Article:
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Using Simpson's method to integrate a complex function

  • Thread starter amjad-sh
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Problem Statement
The question includes programming, but the basic problem is related to mathematics, that's why I posted it here.

In fact, I'm working on a condensed matter physics paper,where I need to draw integral

##g(\nu,2k_fz)## in units of ##(2k_f)^{-1}## and interms of z.

##g(\nu,2k_fz)=\int_{1}^{-1}\dfrac{\nu^2(1-u^2)usin(2k_fzu)}{u^2-\nu^2/2+u\sqrt{u^2-\nu^2}}\, du##, where ##\nu=0.5##



I'm using Simpson's method to evaluate this integral. The problem is that the sign inside the the radical in the denominator will be negative while evaluating this method, that's why we need to treat the integrand as a complex function. The program(python) will plot for me just the real part of the result.

But my main question is: Is it Ok to use Simpson's method in order to evaluate integrals that their integrand is a complex function?

because the graph I'm getting is not even close to the graph depicted in the paper.



Is contour integration a better choice?
Relevant Equations
Simpson's method :
simpson.PNG
 

DrClaude

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But my main question is: Is it Ok to use Simpson's method in order to evaluate integrals that their integrand is a complex function?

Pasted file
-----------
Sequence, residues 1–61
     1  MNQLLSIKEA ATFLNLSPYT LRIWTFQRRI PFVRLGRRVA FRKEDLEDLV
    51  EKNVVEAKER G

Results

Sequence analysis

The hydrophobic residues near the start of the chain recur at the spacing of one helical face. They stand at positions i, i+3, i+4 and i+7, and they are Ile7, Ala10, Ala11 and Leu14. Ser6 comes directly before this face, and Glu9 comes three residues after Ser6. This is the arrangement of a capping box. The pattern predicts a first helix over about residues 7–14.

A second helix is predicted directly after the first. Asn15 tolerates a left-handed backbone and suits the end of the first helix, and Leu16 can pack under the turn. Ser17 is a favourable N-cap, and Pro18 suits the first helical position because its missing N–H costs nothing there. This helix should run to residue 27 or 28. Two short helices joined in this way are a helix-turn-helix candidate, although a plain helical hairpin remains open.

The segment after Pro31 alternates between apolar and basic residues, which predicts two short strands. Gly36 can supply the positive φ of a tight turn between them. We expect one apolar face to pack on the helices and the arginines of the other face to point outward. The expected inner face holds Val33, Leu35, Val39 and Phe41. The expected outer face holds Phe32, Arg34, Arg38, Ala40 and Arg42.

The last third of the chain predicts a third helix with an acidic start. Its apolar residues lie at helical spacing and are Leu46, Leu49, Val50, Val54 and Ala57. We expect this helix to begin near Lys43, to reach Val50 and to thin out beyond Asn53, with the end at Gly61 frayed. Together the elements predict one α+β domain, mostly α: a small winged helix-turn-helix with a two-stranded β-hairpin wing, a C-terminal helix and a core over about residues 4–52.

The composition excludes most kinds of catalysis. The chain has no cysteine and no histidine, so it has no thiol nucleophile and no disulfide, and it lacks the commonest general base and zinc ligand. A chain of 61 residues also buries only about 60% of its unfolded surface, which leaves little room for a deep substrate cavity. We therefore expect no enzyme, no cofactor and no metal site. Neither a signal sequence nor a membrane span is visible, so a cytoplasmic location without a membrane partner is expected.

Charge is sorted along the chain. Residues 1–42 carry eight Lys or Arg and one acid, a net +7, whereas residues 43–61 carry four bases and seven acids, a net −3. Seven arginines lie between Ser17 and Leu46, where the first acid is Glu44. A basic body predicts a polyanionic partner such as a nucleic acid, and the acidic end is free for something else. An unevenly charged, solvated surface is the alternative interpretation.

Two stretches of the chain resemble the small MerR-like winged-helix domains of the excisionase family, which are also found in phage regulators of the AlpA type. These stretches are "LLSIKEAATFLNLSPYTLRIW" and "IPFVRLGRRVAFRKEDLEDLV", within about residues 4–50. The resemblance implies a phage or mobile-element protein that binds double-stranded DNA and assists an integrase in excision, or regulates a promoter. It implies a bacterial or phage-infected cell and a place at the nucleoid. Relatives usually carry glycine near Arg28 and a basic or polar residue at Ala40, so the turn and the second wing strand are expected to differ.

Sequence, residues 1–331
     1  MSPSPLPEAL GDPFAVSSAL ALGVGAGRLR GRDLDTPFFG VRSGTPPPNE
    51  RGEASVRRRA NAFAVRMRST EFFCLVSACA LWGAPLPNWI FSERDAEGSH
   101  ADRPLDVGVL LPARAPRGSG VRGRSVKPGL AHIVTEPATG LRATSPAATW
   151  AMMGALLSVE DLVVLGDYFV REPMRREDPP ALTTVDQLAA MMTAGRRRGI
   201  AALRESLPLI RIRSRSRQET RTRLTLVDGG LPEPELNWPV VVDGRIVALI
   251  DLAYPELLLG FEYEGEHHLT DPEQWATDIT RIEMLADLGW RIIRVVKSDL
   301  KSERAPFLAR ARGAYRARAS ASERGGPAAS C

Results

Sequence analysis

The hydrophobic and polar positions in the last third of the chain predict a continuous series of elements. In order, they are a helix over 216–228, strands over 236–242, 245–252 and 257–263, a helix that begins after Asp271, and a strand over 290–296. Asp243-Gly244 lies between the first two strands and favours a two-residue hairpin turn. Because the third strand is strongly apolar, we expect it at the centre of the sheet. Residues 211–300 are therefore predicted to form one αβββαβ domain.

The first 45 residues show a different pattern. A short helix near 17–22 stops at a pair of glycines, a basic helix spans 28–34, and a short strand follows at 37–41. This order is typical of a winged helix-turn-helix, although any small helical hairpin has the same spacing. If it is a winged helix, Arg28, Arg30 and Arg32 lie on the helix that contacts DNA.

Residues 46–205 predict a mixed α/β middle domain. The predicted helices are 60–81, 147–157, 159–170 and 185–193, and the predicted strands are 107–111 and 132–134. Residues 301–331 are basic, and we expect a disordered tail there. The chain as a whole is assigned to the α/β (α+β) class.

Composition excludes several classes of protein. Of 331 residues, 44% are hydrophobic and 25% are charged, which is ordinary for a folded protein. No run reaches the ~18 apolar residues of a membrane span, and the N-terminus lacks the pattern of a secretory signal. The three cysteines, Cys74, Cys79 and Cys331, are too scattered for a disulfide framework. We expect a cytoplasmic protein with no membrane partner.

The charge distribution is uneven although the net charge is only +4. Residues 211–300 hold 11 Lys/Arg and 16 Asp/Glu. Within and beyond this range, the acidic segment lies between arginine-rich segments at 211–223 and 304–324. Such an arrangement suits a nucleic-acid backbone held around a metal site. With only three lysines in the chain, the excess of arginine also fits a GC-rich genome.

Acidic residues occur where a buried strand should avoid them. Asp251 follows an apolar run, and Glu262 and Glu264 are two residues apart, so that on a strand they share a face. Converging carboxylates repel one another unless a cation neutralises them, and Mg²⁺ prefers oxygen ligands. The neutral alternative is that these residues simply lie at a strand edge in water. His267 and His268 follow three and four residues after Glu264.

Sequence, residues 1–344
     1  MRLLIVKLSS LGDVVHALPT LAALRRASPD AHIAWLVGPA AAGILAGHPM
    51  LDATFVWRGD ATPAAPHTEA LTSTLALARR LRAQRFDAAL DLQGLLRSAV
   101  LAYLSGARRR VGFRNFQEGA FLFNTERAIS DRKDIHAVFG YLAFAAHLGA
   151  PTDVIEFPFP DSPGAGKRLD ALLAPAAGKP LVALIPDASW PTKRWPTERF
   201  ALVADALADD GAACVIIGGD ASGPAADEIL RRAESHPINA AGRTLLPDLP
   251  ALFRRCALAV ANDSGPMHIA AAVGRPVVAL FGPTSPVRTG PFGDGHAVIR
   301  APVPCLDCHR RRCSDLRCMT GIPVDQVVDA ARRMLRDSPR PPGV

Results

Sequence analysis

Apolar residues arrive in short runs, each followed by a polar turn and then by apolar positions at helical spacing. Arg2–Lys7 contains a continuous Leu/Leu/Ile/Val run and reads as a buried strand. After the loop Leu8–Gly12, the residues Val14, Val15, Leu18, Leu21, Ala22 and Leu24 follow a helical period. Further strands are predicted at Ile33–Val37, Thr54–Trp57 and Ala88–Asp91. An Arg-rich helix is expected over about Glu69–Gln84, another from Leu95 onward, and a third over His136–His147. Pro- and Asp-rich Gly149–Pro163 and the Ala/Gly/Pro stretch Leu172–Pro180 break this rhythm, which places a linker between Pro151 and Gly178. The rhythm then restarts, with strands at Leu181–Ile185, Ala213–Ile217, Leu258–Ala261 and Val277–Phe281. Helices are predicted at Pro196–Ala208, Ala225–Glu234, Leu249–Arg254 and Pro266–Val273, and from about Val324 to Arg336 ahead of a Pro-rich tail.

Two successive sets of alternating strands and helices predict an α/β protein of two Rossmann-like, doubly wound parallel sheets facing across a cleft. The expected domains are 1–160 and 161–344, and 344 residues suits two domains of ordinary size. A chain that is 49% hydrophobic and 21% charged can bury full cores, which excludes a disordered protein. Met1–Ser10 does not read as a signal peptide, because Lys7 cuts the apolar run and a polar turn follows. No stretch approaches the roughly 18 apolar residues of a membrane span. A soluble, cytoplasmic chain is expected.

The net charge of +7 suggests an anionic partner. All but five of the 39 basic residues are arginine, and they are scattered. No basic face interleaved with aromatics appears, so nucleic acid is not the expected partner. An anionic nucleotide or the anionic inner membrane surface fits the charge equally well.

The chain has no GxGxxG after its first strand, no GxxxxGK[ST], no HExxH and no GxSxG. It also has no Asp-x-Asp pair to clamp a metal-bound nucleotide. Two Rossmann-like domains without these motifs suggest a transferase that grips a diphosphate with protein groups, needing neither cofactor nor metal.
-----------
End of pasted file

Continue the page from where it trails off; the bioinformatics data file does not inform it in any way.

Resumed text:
Yes, that shouldn't be a problem.
 
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Yes, that shouldn't be a problem.
Yes, it was a tiny mistake in my code that was stopping the graph to appear as it should.
But if we consider the problem in case ##\nu=0##,a singularity will arise while applying Simpson's method for u=0.
Do you know a trick or a way to go around this singularity?
 

DrClaude

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quadpack has routines to deal with integration of functions with singularities. It has been ported to C in GSL, but I don't think it is available in python.
 
quadpack has routines to deal with integration of functions with singularities. It has been ported to C in GSL, but I don't think it is available in python.
Scipy provides an interface to quadpack via the integrate.quad function
 

DrClaude

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Scipy provides an interface to quadpack via the integrate.quad function
I don't use python, but from the information I could find, only a basic quadrature method from quadpack is implemented in scipy, not the routines for dealing with singularities.
 
I don't use python, but from the information I could find, only a basic quadrature method from quadpack is implemented in scipy, not the routines for dealing with singularities.
By default I think quad calls qagse which does support singularities, you can also specify a series of domains to avoid them. With the right set of options you can get to most of the quadpack routines.
 

DrClaude

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